Next, establish that gravity is a force that acts at a distance. Explain that gravity is a force by which all objects with mass are attracted to each other, creating a pull.
However, objects with a larger mass have a stronger pull on objects with a smaller mass and this is why objects on earth fall towards the ground – the massive object that we live on.
As you introduce pupils to different types of forces, like friction or air resistance, try giving them more complex situations. Set up scenarios like the below around your classroom and give children lots of stick-on arrows. Ask them to identify and explain the forces acting on objects.
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Common errors to avoid
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A common mistake in the above ball-kicking scenario is to say a push is acting on the ball. The kick was a push acting on the ball (it changed the ball’s shape, speed or direction).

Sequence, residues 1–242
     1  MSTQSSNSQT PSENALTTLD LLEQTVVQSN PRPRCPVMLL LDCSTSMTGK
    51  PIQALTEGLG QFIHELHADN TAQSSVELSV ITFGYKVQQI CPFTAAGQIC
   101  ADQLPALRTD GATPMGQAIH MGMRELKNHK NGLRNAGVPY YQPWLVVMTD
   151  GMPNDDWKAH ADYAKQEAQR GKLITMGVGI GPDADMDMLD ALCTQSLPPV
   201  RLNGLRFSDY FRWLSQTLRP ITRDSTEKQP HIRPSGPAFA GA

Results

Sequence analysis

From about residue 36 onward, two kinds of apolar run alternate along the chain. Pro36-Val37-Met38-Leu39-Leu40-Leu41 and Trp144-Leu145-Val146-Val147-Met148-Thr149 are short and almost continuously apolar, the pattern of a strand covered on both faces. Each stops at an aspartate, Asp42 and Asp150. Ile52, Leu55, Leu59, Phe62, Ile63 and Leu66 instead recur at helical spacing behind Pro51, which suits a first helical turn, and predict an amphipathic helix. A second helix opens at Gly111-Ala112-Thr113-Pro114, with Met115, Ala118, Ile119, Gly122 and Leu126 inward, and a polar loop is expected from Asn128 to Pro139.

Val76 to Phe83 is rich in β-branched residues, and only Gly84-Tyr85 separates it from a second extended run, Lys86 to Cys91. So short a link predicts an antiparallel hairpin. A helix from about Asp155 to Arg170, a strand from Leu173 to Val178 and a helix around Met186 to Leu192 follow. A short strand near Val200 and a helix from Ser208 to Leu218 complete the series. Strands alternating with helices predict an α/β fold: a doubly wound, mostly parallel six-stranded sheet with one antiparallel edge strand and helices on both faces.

Once the touch ceased, so did the force acting on the ball. The ball stays on the ground because of the pull of the earth’s gravity, but it doesn’t fall through the floor because of the push up from the floor.
The ball eventually slows down because friction and air resistance act on the ball (changing the ball’s shape, speed or direction).
If there was no friction or air resistance the ball would carry on and on, not because a push is acting on the ball, but because no other force is causing a change to shape, speed or direction.
This is the same if you throw a ball up in the air. Once it’s in mid-air there is no longer a push up. The ball will keep going up until gravity and air resistance change its shape, speed or direction, then the ball begins to fall back down.